In conjunction with cleaner electricity grids, the electrification of space, domestic hot water and process heating systems are an important strategy to help organizations achieve deep GHG emissions reductions.

STEP 7: Onsite renewables. Identify opportunities to implement onsite renewable electricity generation systems and calculate the projected energy and emissions reductions impact toward the installation of onsite renewables at facilities throughout the portfolio.

The cost and efficiency of renewable energy technologies have significantly improved over the past decade. The use of onsite renewable electricity generation systems presents a real opportunity to help reduce emissions in a cost-effective manner. The financial viability and GHG impact of these options are mainly dependent on the local renewable resource available (e.g. the amount of solar radiation available, the speed of the wind at the project site, etc.), installation costs, price of the displaced electricity from the utility, as well as the emissions characteristics of the local electricity grid and the impact of the carbon shadow price.

STEP 8: Offsite renewables. Evaluate the procurement of offsite renewable electricity generation and calculate the projected energy and emissions impact when purchasing offsite renewable electricity for targeted facilities across the portfolio.

Various forms of offsite renewable electricity are increasingly available from public and private power producers to help external organizations indirectly reduce emissions via procurement of cleaner forms of electricity.

Typical renewable resources available include wind, solar, hydro, biomass, landfill gas and other forms of biogas. The green power generated using these fuels is typically sold at a premium price (higher than regular electricity rates paid by facilities) but, as levelized energy costs for large renewable power plants continue to decline, the offsite renewable rates charged are now much closer to retail electricity rates charged by electric utilities.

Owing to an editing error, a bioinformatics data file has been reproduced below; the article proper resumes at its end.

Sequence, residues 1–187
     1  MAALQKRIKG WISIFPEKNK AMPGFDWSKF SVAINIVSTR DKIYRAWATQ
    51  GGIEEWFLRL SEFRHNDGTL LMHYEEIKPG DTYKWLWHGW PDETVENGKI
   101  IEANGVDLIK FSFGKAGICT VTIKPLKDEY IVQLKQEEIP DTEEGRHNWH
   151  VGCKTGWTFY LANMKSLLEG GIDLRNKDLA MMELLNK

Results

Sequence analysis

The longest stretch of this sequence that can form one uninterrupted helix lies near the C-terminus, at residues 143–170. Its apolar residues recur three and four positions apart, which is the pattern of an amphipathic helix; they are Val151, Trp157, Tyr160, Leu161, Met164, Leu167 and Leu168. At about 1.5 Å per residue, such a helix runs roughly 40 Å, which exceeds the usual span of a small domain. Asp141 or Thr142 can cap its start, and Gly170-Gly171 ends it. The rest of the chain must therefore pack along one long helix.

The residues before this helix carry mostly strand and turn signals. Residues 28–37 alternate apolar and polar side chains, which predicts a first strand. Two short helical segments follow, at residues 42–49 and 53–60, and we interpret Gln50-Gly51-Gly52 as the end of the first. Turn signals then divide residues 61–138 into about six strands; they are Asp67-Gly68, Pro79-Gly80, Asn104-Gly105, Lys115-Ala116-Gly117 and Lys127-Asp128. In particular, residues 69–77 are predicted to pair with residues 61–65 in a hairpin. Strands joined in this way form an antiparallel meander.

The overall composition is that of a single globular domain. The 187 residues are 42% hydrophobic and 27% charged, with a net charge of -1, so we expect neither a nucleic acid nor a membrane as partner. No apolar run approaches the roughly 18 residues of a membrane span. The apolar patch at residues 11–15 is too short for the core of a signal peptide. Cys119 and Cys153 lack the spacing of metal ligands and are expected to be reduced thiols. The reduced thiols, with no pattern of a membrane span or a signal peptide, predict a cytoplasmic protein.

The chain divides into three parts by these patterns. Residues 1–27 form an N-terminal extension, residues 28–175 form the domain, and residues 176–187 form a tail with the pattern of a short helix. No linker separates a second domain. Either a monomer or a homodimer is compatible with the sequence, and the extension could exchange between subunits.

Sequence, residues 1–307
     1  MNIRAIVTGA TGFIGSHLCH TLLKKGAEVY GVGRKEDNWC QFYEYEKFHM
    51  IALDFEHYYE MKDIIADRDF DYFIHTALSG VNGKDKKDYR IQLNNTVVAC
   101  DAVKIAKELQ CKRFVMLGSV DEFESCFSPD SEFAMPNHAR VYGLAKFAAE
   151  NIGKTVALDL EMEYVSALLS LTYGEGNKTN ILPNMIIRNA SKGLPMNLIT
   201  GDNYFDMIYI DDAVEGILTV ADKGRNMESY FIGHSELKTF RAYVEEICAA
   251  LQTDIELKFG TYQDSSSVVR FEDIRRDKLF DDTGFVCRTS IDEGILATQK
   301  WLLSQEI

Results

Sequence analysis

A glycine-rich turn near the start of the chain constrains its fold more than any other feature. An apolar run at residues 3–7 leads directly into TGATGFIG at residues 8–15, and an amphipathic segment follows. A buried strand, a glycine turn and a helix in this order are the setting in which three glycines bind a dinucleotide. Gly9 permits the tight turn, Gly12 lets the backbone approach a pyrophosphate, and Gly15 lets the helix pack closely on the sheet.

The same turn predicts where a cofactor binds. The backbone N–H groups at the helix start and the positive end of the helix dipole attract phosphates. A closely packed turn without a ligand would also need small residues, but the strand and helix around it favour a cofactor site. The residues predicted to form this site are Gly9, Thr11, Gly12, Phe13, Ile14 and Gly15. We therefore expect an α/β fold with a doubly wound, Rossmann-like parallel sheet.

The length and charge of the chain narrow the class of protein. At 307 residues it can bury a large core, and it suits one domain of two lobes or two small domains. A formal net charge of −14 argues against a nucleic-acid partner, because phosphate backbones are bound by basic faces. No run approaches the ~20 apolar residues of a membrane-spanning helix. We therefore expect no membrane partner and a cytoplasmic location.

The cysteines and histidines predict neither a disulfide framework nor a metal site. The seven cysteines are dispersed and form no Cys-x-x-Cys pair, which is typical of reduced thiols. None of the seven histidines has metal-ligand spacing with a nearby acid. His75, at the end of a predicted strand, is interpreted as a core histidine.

STEP 9: Carbon offsets. Calculate any remaining emissions reductions required to achieve portfolio-wide net-zero GHG emissions via the potential procurement of external carbon offsets (including carbon removals).

For example, within the Government of Canada’s Greening Government Strategy, net-zero means reducing GHG emissions from operations to as close to zero as possible, then balancing out any remaining emissions with an equivalent amount of carbon removal.

Carbon offset markets are growing rapidly, and there are numerous types of possible offsets for organizations to purchase to help meet reduction targets (e.g. reforestation). However, there is a physical limit globally as to the total amount of GHG reductions that can be achieved via carbon offsets. This is why carbon offsets are considered last as a GHG mitigation step under this framework, intended to help reduce any remaining “harder-to-reduce” emissions.

STEP 10: Progress tracking and reporting. Monitoring and reporting progress is an important final step under this framework and is critical to the long-term success of the plan.

Tracking each facility’s actual energy consumption and associated GHG emissions versus the plan will enable the organization to assess the progress being made and allow energy, facility, and portfolio management teams to identify where deep emissions reductions actions are working (or not working) as planned, and adjust accordingly.

Getting started

The best way to start with this new automated “Net Zero Planning Tool” is to try out the free example by clicking on the “Net zero plan–Example” icon on the bottom left side of the File-Home page of RETScreen Version 9.1. Download RETScreen Expert (9.1) now.

Gregory J. Leng is the creator and director of the RETScreen Clean Energy Management Software platform at Natural Resources Canada’s (NRCan) CanmetENERGY research centre in Varennes, Que. The platform enables low-carbon planning, implementation, monitoring and reporting. He is also a Fellow at the Payne Institute, Colorado School of Mines, in Golden, Colo.

CHECK OUT these RETScreen World Conference 2023 recordings to learn more.

This project is made possible through the financial support of the following organizations:

• Treasury Board of Canada Secretariat–Greening Government Fund
• Department of National–Directorate of Portfolio Innovation, Infrastructure and Environment Group
• Ontario’s Independent Electricity System Operator

The project is spearheaded by the RETScreen Division of CanmetENERGY–Varennes (Natural Resources Canada) with in-kind support from Oxford Properties, 3M Canada, District School Board of Niagara, Mohawk College, Town of Caledon, and CityHousing Hamilton.